The most famous public Roman road, stretching towards Brindisi to open access to the Mediterranean; a sacred place for Christianity; a vision of Napoleon, who dreamed of turning it into the world’s largest archaeological park; a fixed destination and source of inspiration for artists, poets and travellers of the 19th century; an open-air museum hosting invaluable monuments; and in modern times, the battleground for its preservation. The Appian Way is all this.
First Porta San Sebastiano:
San Sebastian Church and catacombs:
The church is built on the spot where St. Sebastian was martyred:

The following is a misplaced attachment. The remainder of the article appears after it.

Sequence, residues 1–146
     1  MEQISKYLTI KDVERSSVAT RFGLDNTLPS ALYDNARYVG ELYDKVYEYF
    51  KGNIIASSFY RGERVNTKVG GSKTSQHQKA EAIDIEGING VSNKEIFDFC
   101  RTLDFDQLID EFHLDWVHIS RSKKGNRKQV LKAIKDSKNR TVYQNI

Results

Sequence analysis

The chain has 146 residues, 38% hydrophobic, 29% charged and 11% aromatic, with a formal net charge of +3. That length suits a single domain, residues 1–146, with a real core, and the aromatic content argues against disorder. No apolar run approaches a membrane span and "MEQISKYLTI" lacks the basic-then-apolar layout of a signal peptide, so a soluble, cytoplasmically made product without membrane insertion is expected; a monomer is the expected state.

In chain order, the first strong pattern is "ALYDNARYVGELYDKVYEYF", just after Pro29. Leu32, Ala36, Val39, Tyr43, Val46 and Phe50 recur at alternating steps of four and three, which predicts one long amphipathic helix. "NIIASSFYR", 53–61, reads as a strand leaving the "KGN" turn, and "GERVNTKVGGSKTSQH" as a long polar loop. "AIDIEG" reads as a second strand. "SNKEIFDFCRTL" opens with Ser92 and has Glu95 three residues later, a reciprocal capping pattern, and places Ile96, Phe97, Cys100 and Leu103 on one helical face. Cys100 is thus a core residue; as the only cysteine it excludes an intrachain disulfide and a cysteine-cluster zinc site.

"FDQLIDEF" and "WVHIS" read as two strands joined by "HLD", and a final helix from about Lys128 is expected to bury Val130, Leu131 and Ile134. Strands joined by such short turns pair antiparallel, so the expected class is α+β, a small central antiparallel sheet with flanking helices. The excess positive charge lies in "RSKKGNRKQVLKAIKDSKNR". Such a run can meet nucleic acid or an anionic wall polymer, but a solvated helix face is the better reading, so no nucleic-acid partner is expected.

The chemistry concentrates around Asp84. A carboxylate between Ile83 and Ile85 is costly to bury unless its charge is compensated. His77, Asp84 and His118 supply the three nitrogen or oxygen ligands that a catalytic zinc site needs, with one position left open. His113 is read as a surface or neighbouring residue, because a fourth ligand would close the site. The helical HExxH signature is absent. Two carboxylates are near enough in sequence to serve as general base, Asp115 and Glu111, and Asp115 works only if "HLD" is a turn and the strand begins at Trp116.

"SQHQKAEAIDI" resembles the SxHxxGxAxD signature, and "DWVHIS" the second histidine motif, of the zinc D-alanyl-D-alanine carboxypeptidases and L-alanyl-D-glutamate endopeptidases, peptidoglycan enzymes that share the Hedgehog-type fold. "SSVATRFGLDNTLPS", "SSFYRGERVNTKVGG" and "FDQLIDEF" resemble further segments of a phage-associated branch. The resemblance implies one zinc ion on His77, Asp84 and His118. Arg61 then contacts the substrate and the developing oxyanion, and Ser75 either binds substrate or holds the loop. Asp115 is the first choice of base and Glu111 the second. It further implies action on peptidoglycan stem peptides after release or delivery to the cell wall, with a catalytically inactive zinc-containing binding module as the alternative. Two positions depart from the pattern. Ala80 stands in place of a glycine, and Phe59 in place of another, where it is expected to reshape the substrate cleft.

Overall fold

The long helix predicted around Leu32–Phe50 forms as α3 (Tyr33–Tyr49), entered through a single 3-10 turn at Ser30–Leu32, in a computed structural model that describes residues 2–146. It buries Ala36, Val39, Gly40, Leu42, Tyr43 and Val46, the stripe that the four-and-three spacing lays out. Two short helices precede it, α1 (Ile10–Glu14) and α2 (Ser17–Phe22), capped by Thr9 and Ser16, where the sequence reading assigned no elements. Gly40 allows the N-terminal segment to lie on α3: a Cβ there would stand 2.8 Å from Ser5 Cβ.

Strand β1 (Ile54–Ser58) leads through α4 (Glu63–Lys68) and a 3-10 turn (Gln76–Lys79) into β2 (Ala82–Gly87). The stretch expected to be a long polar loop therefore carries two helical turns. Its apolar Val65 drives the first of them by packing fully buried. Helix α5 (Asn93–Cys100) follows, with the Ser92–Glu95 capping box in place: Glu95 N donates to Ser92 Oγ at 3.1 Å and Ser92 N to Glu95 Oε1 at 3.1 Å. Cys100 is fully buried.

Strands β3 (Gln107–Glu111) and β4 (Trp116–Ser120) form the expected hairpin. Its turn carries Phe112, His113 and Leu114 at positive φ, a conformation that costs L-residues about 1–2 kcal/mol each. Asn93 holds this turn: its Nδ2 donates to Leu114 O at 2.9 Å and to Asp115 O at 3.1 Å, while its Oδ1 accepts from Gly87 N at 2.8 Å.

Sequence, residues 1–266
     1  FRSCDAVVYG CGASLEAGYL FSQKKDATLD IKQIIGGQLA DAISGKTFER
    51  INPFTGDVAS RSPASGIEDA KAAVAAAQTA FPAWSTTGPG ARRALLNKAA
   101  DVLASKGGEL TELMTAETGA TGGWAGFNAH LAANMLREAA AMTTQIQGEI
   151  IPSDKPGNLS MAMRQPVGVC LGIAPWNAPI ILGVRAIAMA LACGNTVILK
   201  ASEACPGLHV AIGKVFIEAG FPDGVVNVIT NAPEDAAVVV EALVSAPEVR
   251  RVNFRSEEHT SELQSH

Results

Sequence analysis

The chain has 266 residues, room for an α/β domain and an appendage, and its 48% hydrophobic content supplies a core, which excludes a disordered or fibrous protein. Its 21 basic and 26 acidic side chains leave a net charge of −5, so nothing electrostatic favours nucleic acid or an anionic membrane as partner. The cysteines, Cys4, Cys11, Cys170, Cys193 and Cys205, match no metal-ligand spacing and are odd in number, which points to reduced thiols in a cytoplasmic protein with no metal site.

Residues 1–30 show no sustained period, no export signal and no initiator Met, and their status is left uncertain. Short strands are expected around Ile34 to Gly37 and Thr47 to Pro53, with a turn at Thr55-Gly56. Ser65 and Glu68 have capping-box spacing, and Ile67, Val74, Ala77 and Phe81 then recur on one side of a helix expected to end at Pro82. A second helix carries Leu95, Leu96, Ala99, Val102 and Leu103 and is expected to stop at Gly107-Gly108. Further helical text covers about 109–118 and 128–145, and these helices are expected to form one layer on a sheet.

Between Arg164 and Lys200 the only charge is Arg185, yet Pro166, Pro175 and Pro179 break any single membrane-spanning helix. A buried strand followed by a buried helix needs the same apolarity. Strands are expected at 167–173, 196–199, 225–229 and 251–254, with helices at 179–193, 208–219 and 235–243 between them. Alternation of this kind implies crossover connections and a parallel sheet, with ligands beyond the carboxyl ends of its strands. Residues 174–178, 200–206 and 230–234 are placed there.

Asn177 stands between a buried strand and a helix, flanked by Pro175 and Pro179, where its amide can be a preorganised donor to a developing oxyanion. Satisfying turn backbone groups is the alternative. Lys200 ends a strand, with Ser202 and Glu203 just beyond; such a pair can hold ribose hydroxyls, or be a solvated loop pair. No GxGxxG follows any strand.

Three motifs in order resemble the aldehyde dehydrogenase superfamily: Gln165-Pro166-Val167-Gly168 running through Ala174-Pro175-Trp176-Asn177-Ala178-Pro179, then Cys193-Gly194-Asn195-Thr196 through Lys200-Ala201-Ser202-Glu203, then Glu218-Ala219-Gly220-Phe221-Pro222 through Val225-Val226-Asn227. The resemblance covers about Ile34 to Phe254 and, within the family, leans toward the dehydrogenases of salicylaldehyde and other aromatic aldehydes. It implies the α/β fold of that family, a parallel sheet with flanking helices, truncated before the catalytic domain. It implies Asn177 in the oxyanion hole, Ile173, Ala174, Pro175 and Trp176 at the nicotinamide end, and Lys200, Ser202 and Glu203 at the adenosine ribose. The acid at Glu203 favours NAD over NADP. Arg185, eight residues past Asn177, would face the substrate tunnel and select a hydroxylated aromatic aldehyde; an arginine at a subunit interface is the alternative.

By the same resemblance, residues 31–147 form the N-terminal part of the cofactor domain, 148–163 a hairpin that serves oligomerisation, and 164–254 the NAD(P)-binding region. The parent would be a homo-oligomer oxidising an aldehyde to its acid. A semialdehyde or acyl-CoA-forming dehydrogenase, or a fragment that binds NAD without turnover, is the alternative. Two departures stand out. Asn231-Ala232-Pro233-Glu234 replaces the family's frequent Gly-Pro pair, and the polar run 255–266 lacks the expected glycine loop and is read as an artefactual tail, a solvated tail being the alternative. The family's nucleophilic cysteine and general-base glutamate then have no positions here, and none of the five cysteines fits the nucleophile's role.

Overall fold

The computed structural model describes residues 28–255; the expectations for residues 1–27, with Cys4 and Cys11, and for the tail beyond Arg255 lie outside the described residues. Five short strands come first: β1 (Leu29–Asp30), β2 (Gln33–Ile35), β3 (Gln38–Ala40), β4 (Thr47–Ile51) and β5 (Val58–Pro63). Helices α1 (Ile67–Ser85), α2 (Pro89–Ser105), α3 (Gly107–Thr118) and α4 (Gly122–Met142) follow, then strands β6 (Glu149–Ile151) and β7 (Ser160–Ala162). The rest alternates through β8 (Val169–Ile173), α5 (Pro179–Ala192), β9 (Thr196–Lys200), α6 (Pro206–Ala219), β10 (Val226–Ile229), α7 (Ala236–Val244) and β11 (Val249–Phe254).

Maxentius Complex consists of three main buildings: the palace, the circus and the dynastic mausoleum. All were designed to celebrate emperor Maxentius, the vanquished adversaty of Constantine the Great at the battle of the Milvian Bridge in 312 AD>
Tomb of Caecilia Metella, funerary monument built between 30 and 10 BC.
Nice restaurants and very friendly owners:
Capo di Bove, archaeological site since 2002, hosting many cultural events and art exhibitions:
After Capo di Bove, the road continues with fewer tourists, no cars. I enjoyed that stretched the most. You walk surrounded by nature and many remnants from the past:
The last significant site to visit is the Villa of the Quintili, the largest villa in the Roman suburbs. Belonging to the Quintili brothers (consuls in 151 BC) it became an imperial property under Commodus and remained in use until the 5th century AD.
The biggest attraction are always ancient toilets: